Tourism focus at special J’lem cabinet meeting

Ministers approve NIS 350m. for projects including Ammunition Hill, Mount of Olives, biblical sites.

By MELANIE LIDMAN
May 21, 2012 05:01
2 minute read.
Ammunition Hill in Jerusalem

Ammunition Hill in Jerusalem 390. (photo credit: Wikimedia Commons / Yydl)

 
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The cabinet held a special meeting at the capital’s Ammunition Hill memorial site to mark Jerusalem Day and the 45th anniversary of the Six Day War, when Jerusalem was reunited.

The fierce battle against Jordanian forces at Ammunition Hill inspired a classic song describing the conquest of the hill, and it became the symbol of the war for many Israelis.

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Tourism in Jerusalem dominated the agenda at the meeting, where the cabinet approved NIS 350 million over the next seven years to develop sites and infrastructure in the capital, with a focus on biblical tourism. Israel hosted 2.8 million foreign visitors in 2011.

Eighty percent of them visited Jerusalem and 30% stayed at least one night in the city.

According to the Prime Minister’s Office, every million tourists add NIS 5.5 billion to the economy and create 30,500 jobs.

Approximately NIS 20m. of the tourism funding will be directed toward the Mount of Olives Cemetery.

The plan is to renovate 15,000 graves and install 150 security cameras to stop desecration and stoning attacks.



Part of the money will also go to improve the “green lung” of Jerusalem’s parks and open spaces.

The money will be used to develop the Slopes of Mount Scopus national park, next to the Arab neighborhood of Isawiya, which residents oppose because it will stop their neighborhood from expanding.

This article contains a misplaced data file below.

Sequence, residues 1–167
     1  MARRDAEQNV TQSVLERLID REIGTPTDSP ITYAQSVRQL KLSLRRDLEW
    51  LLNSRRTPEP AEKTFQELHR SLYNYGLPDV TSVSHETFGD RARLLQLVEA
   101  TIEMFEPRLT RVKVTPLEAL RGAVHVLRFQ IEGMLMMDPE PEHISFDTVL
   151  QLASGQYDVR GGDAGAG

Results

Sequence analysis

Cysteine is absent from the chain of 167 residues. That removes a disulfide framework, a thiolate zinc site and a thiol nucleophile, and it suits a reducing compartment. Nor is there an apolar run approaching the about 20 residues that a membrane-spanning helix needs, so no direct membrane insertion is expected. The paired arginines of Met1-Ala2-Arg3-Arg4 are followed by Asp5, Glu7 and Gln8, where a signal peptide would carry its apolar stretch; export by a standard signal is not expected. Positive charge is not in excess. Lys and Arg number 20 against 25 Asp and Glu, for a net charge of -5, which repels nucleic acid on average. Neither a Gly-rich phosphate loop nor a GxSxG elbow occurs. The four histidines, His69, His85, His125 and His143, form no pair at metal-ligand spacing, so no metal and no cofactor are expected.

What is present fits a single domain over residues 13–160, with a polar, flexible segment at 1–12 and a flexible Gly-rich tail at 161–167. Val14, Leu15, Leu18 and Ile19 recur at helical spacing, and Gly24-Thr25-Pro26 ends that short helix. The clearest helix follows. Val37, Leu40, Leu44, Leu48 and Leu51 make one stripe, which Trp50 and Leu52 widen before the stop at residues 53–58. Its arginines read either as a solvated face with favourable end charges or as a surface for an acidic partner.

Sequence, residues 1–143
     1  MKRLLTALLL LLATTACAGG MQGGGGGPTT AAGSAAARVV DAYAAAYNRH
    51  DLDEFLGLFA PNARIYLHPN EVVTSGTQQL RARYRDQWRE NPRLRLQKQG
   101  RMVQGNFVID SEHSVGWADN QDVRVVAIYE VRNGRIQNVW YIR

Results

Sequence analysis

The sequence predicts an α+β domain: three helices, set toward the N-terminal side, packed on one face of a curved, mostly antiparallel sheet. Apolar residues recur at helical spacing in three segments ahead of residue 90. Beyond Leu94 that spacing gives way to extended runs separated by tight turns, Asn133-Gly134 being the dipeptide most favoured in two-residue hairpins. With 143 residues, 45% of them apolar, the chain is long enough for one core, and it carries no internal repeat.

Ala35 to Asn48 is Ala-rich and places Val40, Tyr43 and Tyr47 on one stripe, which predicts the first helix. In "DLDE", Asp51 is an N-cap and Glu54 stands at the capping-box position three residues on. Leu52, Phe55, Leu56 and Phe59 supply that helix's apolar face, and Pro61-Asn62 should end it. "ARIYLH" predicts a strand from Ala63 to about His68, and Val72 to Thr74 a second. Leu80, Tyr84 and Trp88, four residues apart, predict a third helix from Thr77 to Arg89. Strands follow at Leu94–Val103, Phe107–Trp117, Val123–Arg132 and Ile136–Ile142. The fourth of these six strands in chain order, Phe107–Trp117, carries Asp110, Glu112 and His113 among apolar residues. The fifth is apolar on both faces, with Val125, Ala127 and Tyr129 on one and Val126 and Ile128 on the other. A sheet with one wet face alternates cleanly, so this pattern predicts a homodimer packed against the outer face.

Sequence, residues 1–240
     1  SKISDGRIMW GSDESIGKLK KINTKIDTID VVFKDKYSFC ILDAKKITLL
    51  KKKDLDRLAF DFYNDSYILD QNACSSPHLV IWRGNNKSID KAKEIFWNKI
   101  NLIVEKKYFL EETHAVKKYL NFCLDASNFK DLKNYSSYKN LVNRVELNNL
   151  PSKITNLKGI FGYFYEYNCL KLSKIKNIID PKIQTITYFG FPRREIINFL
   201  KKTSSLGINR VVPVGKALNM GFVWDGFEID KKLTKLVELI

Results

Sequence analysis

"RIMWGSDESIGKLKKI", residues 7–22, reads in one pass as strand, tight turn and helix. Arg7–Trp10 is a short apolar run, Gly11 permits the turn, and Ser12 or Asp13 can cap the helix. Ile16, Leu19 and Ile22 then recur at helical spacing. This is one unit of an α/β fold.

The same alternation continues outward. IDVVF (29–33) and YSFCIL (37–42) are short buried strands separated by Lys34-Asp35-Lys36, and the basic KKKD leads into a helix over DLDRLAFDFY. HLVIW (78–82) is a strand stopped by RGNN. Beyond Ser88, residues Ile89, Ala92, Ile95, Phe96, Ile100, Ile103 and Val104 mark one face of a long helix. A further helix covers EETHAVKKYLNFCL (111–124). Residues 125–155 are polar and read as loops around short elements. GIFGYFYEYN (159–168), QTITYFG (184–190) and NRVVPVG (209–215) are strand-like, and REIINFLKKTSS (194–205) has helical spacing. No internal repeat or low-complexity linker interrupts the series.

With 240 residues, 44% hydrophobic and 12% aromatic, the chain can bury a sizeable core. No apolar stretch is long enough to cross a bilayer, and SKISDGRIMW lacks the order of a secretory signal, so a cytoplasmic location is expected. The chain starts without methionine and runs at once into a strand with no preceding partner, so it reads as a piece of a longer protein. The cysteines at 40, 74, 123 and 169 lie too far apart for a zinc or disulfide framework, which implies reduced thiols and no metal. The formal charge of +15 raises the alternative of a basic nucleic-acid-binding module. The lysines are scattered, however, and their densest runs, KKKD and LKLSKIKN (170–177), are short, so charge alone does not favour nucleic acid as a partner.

Netanyahu tasked the Jerusalem Development Authority with overseeing the development of biblical tourism sites. “[The money] will enable us to build biblical sites in the city that will enhance and explain our link to the land of the Bible, to Zion, and also allow millions of people, no less, millions of people to have a direct appreciation of Israel’s heritage as it finds expression in the Bible,” Netanyahu said at the start of the weekly cabinet meeting.

Additionally, the ministers approved the construction of housing for soldiers and police, similar to neighborhoods built for soldiers’s families in Maccabim-Reut, Yavne and Rosh Ha’ayin. The Prime Minister’s Office noted that housing for soldiers not only brings young, working people to the community, but also encourages well-paid career soldiers to stay in the area and raises the average salary. This housing will be built on land that does not require the Israel Lands Authority to publish tenders, meaning the approval process will be streamlined.

After financial difficulties at the Ammunition Hill Memorial recently forced the directors to threaten to close it, Netanyahu said on Sunday the government would change its status to make it a national heritage site, which would ensure funding. Ammunition Hill, which hosts 150,000 visitors a year, will receive NIS 20m. over the next three years from the Prime Minister’s Office, the Finance Ministry, the Defense Ministry, the Tourism Ministry, the Jerusalem Municipality, the Ammunition Hill non-profit organization, and the American branch of the Jewish National Fund.

Mayor Nir Barkat touted the improvements in Jerusalem’s education and economic success. He added that the city was experiencing unprecedented growth. For the first time in years, it saw an increase in enrollment in both the secular and the national-religious schools, a sign that non-haredi families are electing to stay in the city, he said.

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